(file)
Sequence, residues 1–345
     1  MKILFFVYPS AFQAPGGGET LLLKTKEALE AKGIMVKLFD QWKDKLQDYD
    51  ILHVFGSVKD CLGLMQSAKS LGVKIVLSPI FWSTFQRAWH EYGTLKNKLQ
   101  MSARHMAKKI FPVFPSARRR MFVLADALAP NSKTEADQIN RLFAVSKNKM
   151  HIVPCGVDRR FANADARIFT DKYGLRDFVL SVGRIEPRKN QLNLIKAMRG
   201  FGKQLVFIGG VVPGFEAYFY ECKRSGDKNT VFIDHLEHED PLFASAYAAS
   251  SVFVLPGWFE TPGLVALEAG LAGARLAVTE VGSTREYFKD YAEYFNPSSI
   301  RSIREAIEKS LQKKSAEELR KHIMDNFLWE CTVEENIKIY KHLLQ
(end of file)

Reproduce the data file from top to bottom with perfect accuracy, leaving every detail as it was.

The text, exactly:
Sequence, residues 1–345
     1  MKILFFVYPS AFQAPGGGET LLLKTKEALE AKGIMVKLFD QWKDKLQDYD
    51  ILHVFGSVKD CLGLMQSAKS LGVKIVLSPI FWSTFQRAWH EYGTLKNKLQ
   101  MSARHMAKKI FPVFPSARRR MFVLADALAP NSKTEADQIN RLFAVSKNKM
   151  HIVPCGVDRR FANADARIFT DKYGLRDFVL SVGRIEPRKN QLNLIKAMRG
   201  FGKQLVFIGG VVPGFEAYFY ECKRSGDKNT VFIDHLEHED PLFASAYAAS
   251  SVFVLPGWFE TPGLVALEAG LAGARLAVTE VGSTREYFKD YAEYFNPSSI
   301  RSIREAIEKS LQKKSAEELR KHIMDNFLWE CTVEENIKIY KHLLQ